Author(s): WexlerCohen Y, Shai Y
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Abstract The core complex is a structure involved in the fusion mechanism of many viruses, as well as in intracellular vesicle fusion. A powerful approach for studying the dynamic stages of HIV-1-cell fusion utilizes DP178, a core complex inhibitory peptide derived from the known sequence of the virus. Strikingly, we show that fatty acids can replace the entire C-terminal region of DP178, known to play a crucial role in the activity of the peptide. The inhibitory activity correlated with the length of the fatty acid, with the direction of fatty acid attachment (N- or C-terminus) and, as envisioned by a new triple staining assay, with the concentration of the peptides on cells. Our findings indicate, for the first time, the C-terminal boundary of the endogenous core structure in situ and establish that the C-terminal region of DP178 functions mainly as an anchor to the cell membrane. Apart from the mechanistic implications, such short lipopeptides provide new, promising fusion inhibitors. Because the fusion mechanism of HIV-1 is shared by other pathogen-enveloped viruses and by intracellular vesicle fusion, our results might influence the research and therapeutic efforts in these systems as well.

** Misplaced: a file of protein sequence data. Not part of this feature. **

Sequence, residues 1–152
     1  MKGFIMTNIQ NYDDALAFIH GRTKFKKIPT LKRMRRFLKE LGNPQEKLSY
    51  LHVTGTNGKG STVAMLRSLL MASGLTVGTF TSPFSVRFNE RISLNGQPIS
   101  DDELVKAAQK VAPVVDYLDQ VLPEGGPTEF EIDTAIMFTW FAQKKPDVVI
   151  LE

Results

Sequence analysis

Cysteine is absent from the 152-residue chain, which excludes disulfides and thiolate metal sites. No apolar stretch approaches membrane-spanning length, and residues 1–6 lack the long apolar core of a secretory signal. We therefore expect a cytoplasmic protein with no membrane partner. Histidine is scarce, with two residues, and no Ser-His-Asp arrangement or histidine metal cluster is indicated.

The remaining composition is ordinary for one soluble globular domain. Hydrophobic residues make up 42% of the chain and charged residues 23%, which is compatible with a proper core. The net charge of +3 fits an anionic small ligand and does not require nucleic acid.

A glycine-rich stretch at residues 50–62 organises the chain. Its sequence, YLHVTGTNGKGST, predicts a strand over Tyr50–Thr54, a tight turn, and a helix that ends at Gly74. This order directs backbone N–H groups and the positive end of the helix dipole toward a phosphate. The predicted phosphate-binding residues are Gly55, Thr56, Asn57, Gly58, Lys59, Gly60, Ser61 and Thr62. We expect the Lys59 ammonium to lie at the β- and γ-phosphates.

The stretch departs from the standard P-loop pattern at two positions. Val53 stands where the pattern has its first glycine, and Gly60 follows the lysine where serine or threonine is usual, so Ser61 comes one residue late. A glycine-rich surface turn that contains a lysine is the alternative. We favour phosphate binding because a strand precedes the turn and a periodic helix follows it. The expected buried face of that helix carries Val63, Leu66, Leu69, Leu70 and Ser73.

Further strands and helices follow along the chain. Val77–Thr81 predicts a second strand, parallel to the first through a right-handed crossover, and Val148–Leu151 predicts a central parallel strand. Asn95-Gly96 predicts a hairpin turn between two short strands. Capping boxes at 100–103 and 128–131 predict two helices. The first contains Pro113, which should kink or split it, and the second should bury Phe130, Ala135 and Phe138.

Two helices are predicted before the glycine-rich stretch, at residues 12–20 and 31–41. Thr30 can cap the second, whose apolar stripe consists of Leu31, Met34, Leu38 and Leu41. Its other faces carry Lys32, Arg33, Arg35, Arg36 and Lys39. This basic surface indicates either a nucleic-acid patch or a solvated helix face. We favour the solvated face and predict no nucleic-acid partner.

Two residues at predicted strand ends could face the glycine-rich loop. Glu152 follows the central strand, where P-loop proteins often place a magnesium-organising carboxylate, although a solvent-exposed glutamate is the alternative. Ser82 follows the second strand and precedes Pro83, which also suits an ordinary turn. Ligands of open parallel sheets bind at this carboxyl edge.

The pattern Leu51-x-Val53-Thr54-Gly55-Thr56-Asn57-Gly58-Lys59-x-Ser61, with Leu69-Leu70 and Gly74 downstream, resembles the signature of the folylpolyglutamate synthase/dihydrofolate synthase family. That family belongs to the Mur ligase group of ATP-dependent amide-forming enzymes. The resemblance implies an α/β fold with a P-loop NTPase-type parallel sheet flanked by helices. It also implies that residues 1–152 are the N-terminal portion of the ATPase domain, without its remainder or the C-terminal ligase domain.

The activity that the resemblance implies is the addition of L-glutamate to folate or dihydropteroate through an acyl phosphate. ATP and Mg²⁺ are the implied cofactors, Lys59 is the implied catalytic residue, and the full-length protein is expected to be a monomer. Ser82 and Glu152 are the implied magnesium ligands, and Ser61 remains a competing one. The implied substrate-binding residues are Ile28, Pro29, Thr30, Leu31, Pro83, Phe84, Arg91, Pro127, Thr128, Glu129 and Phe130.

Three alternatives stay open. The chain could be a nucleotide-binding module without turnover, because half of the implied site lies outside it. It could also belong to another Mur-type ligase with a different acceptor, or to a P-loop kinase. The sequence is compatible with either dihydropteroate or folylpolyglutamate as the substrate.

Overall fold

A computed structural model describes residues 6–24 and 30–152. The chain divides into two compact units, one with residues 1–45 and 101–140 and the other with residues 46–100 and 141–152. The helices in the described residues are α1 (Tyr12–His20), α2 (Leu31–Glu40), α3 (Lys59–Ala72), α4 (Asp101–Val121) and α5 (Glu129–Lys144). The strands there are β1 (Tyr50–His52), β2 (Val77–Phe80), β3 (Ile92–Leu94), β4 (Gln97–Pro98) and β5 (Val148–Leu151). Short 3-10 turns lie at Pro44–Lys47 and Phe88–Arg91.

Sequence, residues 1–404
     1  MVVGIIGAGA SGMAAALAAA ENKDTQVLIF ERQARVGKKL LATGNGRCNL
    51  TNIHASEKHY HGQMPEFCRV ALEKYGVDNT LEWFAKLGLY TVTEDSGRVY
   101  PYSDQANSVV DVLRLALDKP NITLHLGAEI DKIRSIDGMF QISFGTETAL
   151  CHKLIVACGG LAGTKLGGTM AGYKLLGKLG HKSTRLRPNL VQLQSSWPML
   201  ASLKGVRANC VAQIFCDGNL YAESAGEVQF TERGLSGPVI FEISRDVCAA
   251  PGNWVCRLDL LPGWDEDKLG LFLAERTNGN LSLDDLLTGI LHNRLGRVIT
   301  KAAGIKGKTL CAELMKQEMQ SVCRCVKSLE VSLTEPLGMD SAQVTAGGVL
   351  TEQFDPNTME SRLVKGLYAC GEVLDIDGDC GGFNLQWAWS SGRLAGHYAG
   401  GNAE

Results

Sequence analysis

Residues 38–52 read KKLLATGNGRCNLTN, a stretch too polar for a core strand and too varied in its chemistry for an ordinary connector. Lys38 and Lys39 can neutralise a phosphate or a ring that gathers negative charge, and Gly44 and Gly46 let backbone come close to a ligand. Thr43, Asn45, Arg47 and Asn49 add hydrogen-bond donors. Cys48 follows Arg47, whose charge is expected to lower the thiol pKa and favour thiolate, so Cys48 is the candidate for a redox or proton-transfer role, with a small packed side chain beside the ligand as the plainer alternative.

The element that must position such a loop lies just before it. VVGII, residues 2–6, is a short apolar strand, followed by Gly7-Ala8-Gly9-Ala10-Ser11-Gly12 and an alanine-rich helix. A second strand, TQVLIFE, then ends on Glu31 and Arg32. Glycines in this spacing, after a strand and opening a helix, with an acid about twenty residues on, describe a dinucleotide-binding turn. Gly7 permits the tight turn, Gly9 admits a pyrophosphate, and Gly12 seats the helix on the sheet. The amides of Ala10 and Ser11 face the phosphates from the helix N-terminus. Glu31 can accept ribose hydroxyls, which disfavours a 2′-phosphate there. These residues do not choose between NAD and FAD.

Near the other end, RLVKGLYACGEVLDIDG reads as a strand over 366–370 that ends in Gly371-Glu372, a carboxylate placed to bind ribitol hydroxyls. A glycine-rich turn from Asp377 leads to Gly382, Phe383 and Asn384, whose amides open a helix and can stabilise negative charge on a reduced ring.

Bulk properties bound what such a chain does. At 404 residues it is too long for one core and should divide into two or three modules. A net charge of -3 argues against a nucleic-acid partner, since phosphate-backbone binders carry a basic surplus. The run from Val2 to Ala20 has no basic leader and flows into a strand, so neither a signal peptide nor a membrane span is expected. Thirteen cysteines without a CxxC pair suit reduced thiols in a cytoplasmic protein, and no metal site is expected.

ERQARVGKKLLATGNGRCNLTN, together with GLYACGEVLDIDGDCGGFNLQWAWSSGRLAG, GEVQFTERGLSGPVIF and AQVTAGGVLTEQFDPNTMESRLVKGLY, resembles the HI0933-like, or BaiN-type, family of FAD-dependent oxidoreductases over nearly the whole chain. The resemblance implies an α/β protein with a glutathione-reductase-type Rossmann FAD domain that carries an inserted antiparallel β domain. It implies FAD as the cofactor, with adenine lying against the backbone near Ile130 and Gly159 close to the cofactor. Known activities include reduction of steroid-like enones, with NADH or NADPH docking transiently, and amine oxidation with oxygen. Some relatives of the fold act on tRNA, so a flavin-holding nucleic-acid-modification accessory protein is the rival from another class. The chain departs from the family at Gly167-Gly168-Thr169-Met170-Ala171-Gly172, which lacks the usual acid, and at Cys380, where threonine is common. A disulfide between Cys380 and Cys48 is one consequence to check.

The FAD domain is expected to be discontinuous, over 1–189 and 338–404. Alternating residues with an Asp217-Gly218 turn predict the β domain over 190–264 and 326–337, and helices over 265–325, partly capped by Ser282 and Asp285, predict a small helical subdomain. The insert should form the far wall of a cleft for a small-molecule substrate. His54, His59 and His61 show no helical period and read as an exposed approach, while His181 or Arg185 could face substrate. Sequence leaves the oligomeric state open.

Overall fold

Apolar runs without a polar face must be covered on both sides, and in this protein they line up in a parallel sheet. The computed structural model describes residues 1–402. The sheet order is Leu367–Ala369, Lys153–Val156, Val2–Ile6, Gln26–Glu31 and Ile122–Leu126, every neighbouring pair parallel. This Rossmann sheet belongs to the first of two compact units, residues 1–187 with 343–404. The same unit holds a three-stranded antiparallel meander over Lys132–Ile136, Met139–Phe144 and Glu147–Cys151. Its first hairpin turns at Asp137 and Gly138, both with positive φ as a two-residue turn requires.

This article was published in FASEB J
and referenced in Journal of Microbial & Biochemical Technology